Probiotics, Prebiotics and Fibre – The Three Bowel Musketeers! Micki Rose elaborates.

Most of us have heard of probiotics, even if only from TV adverts promoting bacteria-laden sugary drinks. But, did you know that probiotics are just one of three bowel musketeers?
Probiotics, the beneficial bacteria, are the most vital of the mix, but prebiotics and fibre are also needed if you want a healthy gut environment that enables you to absorb nutrients well, keep immunity strong and avoid bloating, wind and bowel problems.

A prebiotic is a substance that can’t be digested or absorbed and acts as a food source for beneficial bacteria in the gut, resulting in an improved gut flora balance. What we want are the food sources that specifically feed the lactic acid-producing bacteria in the gut, the best-known of which are lactobacillus and bifidobacteria.

Encouraging a healthy bacteria balance means there is less potential for unfavourable organisms like bacteria, yeasts and moulds to get a look-in and the beneficial bacteria are in sufficient numbers to produce short-chain fatty acids (SCFAs). The benefits of this include increased immunity, enhanced mineral absorption and a strong gut lining, to name just a few.

Encouraging the production of the L+ type of lactic acid specifically in the gut has additional effects, especially on the stomach and pancreas. We know that iron and calcium are best absorbed when the L+ is present, that pancreatic support results in better carbohydrate metabolism and fewer sugar cravings, and that L+ can reduce stomach-emptying time, which means you feel fuller for longer.

It’s not just about improving the gut, though; prebiotics have been found to have their own individual effects too. They are thought to lower cholesterol and have powerful immune, cancer-fighting and anti-inflammatory properties. They may also help us avoid allergy: feeding a pro- and pre-biotic mix to third-trimester pregnant women and continuing with the newborns has been shown to prevent eczema in high risk babies, for example.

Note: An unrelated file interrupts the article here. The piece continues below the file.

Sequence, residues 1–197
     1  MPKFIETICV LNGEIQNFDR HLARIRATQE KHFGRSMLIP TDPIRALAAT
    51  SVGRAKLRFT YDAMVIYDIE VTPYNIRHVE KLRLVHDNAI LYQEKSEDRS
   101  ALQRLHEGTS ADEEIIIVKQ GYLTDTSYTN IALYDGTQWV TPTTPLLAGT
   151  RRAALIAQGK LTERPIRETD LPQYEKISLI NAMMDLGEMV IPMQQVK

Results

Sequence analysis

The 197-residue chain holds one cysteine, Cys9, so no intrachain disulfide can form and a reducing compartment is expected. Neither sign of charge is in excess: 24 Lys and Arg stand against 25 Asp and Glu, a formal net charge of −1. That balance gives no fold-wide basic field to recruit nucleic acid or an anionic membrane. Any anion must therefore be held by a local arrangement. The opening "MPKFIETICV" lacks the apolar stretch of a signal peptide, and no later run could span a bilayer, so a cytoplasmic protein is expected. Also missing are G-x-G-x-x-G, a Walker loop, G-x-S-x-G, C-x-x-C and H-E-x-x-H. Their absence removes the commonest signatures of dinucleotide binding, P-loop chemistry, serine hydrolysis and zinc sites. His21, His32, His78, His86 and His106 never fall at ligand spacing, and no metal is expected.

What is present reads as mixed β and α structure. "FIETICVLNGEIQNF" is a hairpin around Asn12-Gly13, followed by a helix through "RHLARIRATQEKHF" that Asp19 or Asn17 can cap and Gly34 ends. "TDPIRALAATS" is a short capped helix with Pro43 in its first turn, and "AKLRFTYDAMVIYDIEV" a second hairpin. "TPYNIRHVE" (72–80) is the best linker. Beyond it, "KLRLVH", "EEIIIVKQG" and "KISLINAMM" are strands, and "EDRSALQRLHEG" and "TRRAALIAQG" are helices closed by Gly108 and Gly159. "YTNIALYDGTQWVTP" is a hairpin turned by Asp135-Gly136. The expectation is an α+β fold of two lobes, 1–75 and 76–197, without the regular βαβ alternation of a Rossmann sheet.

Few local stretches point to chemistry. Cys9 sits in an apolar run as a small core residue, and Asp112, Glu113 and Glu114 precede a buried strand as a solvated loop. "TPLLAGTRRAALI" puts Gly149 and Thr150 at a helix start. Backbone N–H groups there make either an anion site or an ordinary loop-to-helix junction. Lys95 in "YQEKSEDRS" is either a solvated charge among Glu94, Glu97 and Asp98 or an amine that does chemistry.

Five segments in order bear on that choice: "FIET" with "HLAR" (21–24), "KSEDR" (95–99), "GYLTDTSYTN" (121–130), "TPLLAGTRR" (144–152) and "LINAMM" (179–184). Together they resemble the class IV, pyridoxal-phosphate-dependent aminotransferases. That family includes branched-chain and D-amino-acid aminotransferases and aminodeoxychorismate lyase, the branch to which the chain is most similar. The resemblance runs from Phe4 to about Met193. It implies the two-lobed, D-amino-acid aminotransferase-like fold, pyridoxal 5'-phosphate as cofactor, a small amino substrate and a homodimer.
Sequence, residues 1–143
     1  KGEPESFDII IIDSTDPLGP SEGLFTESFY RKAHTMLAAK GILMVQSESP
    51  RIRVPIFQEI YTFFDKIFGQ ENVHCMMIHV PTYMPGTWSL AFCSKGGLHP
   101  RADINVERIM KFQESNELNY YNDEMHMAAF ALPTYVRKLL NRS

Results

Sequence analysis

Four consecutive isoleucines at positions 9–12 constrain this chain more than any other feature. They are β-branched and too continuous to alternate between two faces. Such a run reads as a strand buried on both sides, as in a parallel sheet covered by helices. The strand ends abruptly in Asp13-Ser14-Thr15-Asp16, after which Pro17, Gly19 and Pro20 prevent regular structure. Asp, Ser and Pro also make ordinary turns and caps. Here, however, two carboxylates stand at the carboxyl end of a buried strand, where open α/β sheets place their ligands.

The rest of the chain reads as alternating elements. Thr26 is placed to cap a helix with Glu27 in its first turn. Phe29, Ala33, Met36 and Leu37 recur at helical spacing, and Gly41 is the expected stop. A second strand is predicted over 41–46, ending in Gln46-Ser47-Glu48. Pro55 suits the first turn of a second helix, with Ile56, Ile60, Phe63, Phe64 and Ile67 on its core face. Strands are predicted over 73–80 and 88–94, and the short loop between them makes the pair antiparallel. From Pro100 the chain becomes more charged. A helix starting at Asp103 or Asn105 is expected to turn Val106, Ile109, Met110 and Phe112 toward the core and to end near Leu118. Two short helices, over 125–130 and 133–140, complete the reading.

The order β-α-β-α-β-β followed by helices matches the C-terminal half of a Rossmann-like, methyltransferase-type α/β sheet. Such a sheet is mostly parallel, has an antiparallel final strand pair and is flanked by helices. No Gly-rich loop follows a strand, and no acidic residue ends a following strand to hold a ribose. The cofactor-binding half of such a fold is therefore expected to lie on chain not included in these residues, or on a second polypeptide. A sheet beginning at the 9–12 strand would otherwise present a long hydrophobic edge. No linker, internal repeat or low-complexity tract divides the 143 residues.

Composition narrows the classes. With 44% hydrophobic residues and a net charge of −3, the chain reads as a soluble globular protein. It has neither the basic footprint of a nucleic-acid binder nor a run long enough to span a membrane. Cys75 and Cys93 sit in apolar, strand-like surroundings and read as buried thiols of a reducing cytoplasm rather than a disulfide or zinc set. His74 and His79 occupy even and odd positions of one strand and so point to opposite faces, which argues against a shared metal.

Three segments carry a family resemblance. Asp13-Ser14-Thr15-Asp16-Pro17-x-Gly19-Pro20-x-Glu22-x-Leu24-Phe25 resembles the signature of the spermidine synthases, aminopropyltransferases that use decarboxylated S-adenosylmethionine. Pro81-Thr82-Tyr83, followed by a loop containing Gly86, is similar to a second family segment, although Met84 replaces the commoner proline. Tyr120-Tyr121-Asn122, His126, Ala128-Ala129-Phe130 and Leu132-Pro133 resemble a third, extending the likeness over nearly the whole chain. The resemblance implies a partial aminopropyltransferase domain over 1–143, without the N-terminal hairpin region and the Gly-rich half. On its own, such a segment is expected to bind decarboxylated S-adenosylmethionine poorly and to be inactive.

Types Of Prebiotic
Fructo-oligosaccharides [FOSs] are the most common type of prebiotic and are found in vegetables such as artichoke (especially Jerusalem), onions, garlic and chicory, the latter being the source of most prebiotic supplements.

Other FOS-rich foods include honey, banana, asparagus, leeks and the gluten grains and, happily, FOS can even come as a sweet powder, which makes it an ideal sugar substitute.

There are other types of prebiotic including raffinose from legumes, xylo-oligosaccharides in oats and galacto-oligosaccharides from milk (cow, human and yogurt). Each type tends to benefit a particular bacteria species in the gut, so getting a mix of these foods is a good policy. Interestingly milk tends to benefit bifidobacteria whereas oats and legumes target this plus lactobacillus, so if you are milk intolerant, you won’t miss out. 

All prebiotics, whether from food or supplements, will do the job because none of them can be broken down. In the West, we are thought to eat around 5g of FOSs a day. The optimum intake is said to be about 10g, but you need to step levels up slowly if you want to avoid extra wind!

So, what about the third musketeer in this bowel attack team? So-called ‘colonic foods’ are important as they can also help increase the correct bowel bacteria, although they are more broad-brush in effect than the prebiotics and can increase both good and bad types, making choosing the right ones a priority.

The most beneficial fibres include psyllium husks, pectin, slippery elm, guar gum and come from foods such as oats, carrots, brown rice, tea polyphenols and resistant starches.  A resistant starch means that a portion of the starch in foods like fruit, veg, pulses and whole grains is resistant to digestive enzymes and ends up in the colon, fermenting merrily away and providing energy for the bacteria residing there.

So, the next time you think of improving your health and bowel, remember the three musketeers and add prebiotics and the right fibres alongside your probiotics!


First published in November 2010


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